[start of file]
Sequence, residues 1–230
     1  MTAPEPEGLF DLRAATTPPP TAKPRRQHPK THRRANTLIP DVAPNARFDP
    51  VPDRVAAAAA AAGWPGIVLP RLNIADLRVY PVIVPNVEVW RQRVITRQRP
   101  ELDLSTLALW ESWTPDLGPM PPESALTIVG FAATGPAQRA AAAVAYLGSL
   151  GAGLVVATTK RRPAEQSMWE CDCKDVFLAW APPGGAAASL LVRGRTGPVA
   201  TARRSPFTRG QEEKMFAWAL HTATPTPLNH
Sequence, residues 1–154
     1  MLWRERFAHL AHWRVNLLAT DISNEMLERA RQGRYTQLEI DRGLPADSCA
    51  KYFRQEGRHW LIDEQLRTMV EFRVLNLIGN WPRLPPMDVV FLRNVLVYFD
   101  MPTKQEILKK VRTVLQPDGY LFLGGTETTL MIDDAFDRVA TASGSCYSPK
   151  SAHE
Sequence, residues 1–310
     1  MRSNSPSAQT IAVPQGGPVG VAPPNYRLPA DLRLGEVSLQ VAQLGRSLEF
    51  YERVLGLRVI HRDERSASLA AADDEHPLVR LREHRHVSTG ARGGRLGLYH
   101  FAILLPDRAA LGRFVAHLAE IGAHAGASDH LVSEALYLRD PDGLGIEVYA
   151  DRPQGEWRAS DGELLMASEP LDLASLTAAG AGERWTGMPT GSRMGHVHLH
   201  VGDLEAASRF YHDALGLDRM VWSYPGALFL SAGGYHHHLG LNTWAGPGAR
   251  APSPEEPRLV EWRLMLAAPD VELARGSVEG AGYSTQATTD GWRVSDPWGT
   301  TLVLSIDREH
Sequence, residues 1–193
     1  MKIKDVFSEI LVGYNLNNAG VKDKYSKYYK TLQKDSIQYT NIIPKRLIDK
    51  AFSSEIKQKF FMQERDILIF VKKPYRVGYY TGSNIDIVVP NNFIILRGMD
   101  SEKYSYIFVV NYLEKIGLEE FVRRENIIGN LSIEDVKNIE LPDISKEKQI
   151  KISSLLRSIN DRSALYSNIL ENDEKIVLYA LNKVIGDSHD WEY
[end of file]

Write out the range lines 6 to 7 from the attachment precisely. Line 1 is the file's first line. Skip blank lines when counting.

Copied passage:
   201  TARRSPFTRG QEEKMFAWAL HTATPTPLNH
Sequence, residues 1–154